Minneapolis schools shift to growth mode

  • Article by: Steve Brandt , Star Tribune
  • Updated: September 25, 2013 - 11:50 AM

As enrollment rises, the district plans to reopen and expand schools, shuffle programs and add an arts high school. Discussion will follow.

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ol2096Sep. 24, 13 7:58 PM

"One major proposal would shift incoming students enrolling from the downtown core from a path toward southwest schools toward northeast choices and eventually Edison High School." -- Well, as a downtown resident, this confirms that we'll be leaving before our kids reach school age. I suspect the same is true for our peers as well.

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reader22Sep. 24, 13 8:28 PM

Here's a thought - what about first putting some air conditioning in the buildings that have none?!?! What difference is this plan going to make if kids are literally baking in their school buildings?

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movebak2mplsSep. 24, 13 9:54 PM

I hope they are considering more K-12 options downtown. With all the growth in the core, it would be silly to not build where the growth is. People that raise their children downtown should be able to send their kids to (great) schools downtown.

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furguson11Sep. 24, 1310:20 PM

Hopefully the four year graduation rate rises above 50%, or all we'll be doing is running more kids through a failing school district.

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cav1234Sep. 24, 1310:57 PM

Although the District should plan for enrollment changes, the constant lurching from one plan to another year in and year out, shifting kids and changing emphases (now they are going to move back toward magnet high school offerings?!?) reinforces one of the things I dislike most about the District - a persistent feeling of instability and unpredictability. And adding space to schools like SW and Washburn and South make huge sense - but mainly to reduce ridiculous class sizes, not to immediately add even more kids, unless they are building space for twice as many kids as they are adding.

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comment229Sep. 25, 13 5:22 AM

Some of you don't get it. Schools provide the education but cannot force it on students. They have to "want to." It is like your car's gas tank. The gas stations are there, but you have to take the time to be vigilant enough to fill your gas tank. Students who show up just to show up are the problem. Students who don't show up, have given up for whatever the reason may be. I will guarantee you that you will NOT find those reasons in this article or any other I have read in this paper in the last few years. I've said it before. Get Johnson and the school board and a bunch of "know it all" business men and politicians in a room with 15 drop outs, and 15 kids who want to drop out but are not 16, and listen to why they hate school. Further, make sure the media is there to report on all this! You will not like what you hear and will find out what our society has become. Go ahead, blame a teacher. They are used to it by now; frustrated by it, but used to it.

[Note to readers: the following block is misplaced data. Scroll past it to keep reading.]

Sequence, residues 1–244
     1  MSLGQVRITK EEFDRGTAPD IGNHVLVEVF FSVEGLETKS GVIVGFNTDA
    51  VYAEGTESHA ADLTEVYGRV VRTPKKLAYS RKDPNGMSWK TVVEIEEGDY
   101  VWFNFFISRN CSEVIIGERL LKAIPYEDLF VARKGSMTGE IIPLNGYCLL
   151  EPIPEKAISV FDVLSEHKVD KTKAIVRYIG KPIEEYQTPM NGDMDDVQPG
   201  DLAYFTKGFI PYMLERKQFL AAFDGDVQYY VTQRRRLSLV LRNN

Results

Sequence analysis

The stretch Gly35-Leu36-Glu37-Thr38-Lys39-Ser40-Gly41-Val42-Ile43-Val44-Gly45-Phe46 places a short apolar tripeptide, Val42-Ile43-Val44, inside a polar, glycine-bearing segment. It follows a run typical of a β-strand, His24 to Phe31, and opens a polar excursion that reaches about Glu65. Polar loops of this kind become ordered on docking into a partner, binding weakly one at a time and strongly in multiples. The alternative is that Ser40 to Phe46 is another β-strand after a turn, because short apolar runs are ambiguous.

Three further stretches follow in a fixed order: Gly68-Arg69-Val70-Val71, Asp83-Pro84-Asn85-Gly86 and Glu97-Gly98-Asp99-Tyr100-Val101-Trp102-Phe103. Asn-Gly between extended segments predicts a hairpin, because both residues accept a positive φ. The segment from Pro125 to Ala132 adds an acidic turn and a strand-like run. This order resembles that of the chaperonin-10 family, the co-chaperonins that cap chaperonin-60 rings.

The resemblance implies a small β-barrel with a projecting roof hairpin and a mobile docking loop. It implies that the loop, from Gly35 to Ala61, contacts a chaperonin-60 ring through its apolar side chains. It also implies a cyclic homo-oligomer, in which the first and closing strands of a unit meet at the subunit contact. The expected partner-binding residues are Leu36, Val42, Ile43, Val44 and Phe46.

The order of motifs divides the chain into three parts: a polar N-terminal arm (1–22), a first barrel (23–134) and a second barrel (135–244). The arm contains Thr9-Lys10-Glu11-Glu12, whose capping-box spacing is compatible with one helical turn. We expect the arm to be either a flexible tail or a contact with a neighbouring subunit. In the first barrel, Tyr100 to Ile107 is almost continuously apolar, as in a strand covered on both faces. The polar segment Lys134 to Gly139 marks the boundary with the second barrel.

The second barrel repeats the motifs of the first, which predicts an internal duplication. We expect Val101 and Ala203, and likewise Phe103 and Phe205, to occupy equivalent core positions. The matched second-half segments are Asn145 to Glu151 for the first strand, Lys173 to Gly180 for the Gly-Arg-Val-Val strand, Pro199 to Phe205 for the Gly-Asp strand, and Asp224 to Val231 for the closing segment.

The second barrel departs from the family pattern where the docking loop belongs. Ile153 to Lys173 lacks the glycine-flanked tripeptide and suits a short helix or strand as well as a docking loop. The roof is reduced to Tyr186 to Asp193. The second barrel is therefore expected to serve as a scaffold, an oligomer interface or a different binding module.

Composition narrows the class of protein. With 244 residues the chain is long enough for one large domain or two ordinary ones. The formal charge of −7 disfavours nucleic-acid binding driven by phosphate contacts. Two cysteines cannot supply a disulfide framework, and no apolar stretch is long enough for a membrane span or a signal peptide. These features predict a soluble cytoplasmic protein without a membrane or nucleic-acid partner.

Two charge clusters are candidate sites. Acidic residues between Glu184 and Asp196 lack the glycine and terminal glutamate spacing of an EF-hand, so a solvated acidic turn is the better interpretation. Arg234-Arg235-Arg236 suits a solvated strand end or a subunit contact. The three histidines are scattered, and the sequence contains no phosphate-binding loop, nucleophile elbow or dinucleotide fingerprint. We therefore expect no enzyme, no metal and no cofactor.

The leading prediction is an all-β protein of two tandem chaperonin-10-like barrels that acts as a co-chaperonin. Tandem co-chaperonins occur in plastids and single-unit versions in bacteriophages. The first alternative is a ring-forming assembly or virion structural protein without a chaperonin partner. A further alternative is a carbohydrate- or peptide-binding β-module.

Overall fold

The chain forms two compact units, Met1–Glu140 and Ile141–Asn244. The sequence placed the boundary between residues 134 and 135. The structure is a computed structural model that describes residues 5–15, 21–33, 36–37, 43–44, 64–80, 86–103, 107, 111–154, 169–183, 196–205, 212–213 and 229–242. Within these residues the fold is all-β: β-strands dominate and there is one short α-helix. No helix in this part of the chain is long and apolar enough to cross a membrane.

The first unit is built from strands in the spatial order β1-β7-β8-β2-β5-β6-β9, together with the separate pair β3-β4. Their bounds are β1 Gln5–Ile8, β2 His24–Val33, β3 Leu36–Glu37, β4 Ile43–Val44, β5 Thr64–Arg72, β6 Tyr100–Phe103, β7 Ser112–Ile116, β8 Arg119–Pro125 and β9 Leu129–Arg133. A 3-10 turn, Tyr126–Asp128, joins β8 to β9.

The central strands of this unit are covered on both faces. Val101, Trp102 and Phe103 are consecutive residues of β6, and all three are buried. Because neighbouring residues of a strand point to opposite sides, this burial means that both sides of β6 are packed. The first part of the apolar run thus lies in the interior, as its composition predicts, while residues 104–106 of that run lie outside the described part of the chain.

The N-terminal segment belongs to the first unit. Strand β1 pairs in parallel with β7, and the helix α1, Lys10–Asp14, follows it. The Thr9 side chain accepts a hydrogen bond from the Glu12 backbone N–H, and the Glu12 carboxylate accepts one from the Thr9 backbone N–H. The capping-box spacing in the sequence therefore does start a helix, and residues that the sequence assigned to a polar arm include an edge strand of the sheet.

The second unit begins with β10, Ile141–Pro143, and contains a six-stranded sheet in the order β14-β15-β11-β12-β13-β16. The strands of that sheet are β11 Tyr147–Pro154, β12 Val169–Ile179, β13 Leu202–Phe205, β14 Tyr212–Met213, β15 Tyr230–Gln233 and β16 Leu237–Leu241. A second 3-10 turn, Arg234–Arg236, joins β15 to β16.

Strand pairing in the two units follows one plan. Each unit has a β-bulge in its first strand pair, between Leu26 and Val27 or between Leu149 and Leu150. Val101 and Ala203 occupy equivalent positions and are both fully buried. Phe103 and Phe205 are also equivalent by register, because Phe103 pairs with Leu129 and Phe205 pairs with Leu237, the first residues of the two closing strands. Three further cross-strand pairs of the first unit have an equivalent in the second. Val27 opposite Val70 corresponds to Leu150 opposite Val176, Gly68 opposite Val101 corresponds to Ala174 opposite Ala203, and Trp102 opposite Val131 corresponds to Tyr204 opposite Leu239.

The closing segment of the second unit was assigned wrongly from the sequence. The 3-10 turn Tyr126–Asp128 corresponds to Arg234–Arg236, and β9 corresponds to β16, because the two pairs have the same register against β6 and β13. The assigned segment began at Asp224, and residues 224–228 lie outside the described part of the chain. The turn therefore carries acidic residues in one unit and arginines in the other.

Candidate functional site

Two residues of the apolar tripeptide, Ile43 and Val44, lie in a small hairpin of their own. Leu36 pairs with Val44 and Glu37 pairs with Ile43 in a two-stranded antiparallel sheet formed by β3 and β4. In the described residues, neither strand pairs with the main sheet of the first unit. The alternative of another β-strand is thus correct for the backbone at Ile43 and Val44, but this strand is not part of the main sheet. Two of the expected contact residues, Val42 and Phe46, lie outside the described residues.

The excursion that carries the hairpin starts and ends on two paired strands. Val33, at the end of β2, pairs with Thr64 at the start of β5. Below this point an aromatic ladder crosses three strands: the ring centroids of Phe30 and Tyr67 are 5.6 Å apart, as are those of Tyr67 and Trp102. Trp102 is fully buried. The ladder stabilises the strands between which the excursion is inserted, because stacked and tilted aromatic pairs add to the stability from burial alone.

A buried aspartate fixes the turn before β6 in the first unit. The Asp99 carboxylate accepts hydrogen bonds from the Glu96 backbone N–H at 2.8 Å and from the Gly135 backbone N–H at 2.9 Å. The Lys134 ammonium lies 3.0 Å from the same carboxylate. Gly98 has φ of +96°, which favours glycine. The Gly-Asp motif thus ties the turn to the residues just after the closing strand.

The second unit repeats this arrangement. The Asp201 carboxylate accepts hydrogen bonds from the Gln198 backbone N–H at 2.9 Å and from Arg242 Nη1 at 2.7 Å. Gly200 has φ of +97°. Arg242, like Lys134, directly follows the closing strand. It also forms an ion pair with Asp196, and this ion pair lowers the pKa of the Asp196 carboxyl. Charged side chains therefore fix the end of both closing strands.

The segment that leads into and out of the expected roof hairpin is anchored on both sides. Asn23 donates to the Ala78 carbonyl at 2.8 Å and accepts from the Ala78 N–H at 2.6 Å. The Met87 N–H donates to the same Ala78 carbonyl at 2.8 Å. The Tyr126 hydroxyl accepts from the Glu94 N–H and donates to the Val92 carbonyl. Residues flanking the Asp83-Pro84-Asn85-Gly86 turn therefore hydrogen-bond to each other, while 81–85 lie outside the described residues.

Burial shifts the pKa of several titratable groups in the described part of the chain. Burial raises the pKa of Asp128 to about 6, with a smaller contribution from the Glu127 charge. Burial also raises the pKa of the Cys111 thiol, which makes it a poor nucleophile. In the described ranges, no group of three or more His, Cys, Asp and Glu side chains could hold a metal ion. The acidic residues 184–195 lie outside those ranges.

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circleoflifeSep. 25, 13 6:27 AM

Somehow people always forget that yes, there are more coming in but there are also those that leave whether it's graduation, moving district schools or moving out of the city. People always make it sound like no one ever leaves, only add. For the minimal time students are actually in school in this state, air conditioning is a waste of money. Class sizes to big? Old and irrelevant argument for more money. Class sizes have been pretty much the same for years and are not a factor in learning. Kids behaving and applying themselves are the problem. Quality teachers, money being applied where it was intended and accountability on the parents are what is needed for our schools to be successful.

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darkcircleSep. 25, 13 8:23 AM

There are educational strategies that old timers have for improving education that will advance contemporary changes in education and there’s an educational strategy that new generations have that can also advance education. The challenge is to decipher which ones are good and which ones are bad. Repetition, personal responsibility and endurance are old traditions that need reimplementation into current curriculum. Innovation, creativity and the arts are new tools that can skyrocket education. My high school centered in the arts and we had the highest quota of SAT finalist and that's not a coincidence. The older generation doesn't understand the value of arts because they don't see the correlation. If you walk into a district school or a charter school, you'll notice that the musicians and the artists hold the academic edge over the straight edge pencil holders. I would consider funding art curriculum more than any other trade and not let the post civil war pigs try to divert the atmosphere in our schools any longer.

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